By: Albert Miller – Since January of this year, I have been extremely critical of the Rizin Fighting Federation (Rizin, Rizin FF). A big part of my problem is how a lot of people, people who make up the MMA economy & global scene alongside me, are putting so much blind faith into Rizin as if it’s a sure thing. Rizin isn’t a sure thing, just like DREAM wasn’t a sure thing, or Sengoku wasn’t a sure thing. With the recent happenings of global MMA, the UFC isn’t a sure thing.
What it all really comes down to is that we all miss the PRIDE fighting Championship (PRIDE FC). We miss the same theatrics and pageantry that a lot of MMA fans condemn professional wrestling fans for. For the record, I was a huge fan of PRIDE; I thoroughly enjoyed the presentation, and PRIDE’s massive presence pushed the UFC to evolve into the monolith of combat sports that we enjoy today. When Dream Stage Entertainment (SEG, the owners of PRIDE) had dissolved, we were promised lofty realities that were never delivered upon. PRIDE was never operated separate from the UFC, we never got the Super Bowl super fights we were promised; I for one, still feel cheated. I imagine that’s how a lot of us feel, and perhaps that’s why so many people are willing to cling to Rizin.
As someone who tries to carry the least amount of bias, I have assembled a list of things that still bug me about Rizin, in hopes that I can fully embrace Rizin without reluctance. Perhaps you, treasured reader, will be able to reason these reluctances to me. In no particular order:
No. 1: Is there an operational difference between a fighting promotion and a federation? By definition, a federation is a noun, federating or uniting in a league. Well, that still doesn’t answer my question. When Nobuyuki Sakakibara sat down to plan the business of Rizin Fighting Federation, did he plan the organization to be its own promotional body, or a sanctioning body (like the World Boxing Organization in boxing) to oversee other promotions? So far, we’re almost ten months into the year, and Rizin has only functionally promoted three events, albeit large events. Those events were almost entirely populated by fighters from other organizations; Muhammed “King Mo” Lawal was representing Bellator MMA, Fedor Emelianenko most always represents M-1 Global, and Rin Nakai (who is slated to fight at the next Rizin event) is a Pancrase fighter. When I visit the Rizin website (the English version), there is no roster of fighters that Rizin claims as their own. The question remains: is the Rizin Fighting Federation holding their own events, or helping to unite smaller promotions?
No. 2: How is Pancrase playing both sides of the fence? Remember when Fedor Emelianenko was being courted by the UFC right after the PRIDE buyout? When Fedor signed with Strikeforce, he had said that the UFC contracts are so restrictive that he couldn’t sign it. The contract that Zuffa had put down in front of “the Last Emporer” was rumored to be 60 pages. With the UFC’s “Fight Pass” being as proprietary as it is, how can Pancrase be on Fight Pass and still cooperate with Rizin? Does the UFC not view Rizin as a threat? Did the Fight Pass deal have such a massive loop hole in it that Pancrase was able to legally capitalize on the opportunity? Is a deal in Japan not under UFC jurisdiction? Or, was the UFC not able to forecast Sakakibara’s plans for such a conglomeration of MMA promotions? What it boils down to, is that Pancrase (a Fight Pass partner with the UFC) is cooperating with Bellator, the UFC’s biggest domestic competitor. It would appear that Pancrase’s involvement with Rizin, although good for their business, is hurting strategic partners. That appears dishonorable to me.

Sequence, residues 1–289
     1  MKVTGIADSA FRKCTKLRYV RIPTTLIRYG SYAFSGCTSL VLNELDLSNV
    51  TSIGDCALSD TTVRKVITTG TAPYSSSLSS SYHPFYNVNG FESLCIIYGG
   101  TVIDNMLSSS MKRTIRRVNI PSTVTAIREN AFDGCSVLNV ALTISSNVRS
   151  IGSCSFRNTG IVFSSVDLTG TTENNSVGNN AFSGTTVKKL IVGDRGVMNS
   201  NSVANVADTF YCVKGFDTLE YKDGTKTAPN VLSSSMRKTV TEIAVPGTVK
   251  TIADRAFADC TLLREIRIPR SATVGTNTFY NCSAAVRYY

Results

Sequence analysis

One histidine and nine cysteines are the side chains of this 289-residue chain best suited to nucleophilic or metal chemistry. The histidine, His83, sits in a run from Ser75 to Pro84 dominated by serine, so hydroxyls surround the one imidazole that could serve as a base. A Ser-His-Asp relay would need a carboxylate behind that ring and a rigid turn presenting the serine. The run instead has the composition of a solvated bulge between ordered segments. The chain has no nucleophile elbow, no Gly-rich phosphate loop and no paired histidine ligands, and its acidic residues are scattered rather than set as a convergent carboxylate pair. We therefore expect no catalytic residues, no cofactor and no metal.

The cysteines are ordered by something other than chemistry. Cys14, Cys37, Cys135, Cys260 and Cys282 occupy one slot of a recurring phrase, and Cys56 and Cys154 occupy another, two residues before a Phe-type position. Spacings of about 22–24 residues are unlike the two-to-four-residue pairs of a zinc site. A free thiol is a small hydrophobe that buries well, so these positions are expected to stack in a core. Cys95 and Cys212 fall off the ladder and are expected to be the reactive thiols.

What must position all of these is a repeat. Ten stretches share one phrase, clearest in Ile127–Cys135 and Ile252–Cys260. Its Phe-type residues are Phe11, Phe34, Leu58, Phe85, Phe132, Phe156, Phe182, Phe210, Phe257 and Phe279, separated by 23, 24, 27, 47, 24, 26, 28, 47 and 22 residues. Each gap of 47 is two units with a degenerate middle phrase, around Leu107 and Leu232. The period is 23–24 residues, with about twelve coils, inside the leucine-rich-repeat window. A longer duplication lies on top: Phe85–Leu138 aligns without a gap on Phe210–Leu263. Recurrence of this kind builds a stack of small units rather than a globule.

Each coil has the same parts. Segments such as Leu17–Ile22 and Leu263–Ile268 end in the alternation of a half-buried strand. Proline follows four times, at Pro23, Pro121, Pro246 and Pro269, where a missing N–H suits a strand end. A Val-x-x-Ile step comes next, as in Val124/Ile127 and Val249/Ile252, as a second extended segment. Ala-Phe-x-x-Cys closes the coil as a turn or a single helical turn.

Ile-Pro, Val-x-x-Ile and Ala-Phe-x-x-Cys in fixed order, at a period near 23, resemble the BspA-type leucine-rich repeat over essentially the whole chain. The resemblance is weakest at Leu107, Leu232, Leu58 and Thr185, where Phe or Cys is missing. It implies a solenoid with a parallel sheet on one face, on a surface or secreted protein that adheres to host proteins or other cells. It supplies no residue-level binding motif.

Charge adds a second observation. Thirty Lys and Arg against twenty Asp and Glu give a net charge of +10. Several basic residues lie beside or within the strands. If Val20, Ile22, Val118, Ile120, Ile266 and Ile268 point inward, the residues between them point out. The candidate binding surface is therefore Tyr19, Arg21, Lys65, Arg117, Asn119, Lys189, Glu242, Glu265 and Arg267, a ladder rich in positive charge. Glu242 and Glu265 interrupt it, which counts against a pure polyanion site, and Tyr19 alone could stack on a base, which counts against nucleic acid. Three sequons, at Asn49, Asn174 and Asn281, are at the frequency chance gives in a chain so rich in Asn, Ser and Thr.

No. 3: How are heroes from decades ago “The Future of Fighting”? This has been my soapbox for quite some time. Bellator (a Rizin partner) is exceptionally guilty of signing guys who might be past their prime in hopes that they are going to rekindle the magic of the first kiss, but it seems like Rizin might be worse. On that English website for Rizin, under the “Concept” page, the first line is “What we seek in the future of fighting…” Future is the exact conceptual opposite of “the Past.” With that being understood, why is the promotion banking on the rematch of a fight that happened ten years ago? Rizin has been the platform that Kron Gracie (Rickson Gracie’s son) and Gabi Garcia have made their MMA debuts on, wouldn’t it stand to reason that the smart money is in developing their own stars to draw attention away from the UFC’s market share? Both CroCop and Silva were in the UFC, and had failed to break into championship contention. If CroCop and Silva are the top competition in Rizin when they weren’t able to capture gold in the UFC, doesn’t that dilute the competitive stock of the entire roster? If anyone were to beat CroCop or Wanderlei in Rizin, does it mean as much, knowing their UFC performance?
I miss PRIDE as much as anyone; perhaps I have the burden of remembering the scars from all of the times we’ve tried to capture that second bolt of lightning in the bottle. Every so often, the second coming of the “rizin” PRIDE comes along and we get disappointed all over again. DREAM was supposed to be the new PRIDE, so was Sengoku; both of which were tremendous disappointments.
I want to like Rizin, but I’ve seen the heralds of “the second coming of PRIDE” before. I will remain skeptical for now, until Rizin proves me wrong. For the health of the global economy of MMA, I hope it does.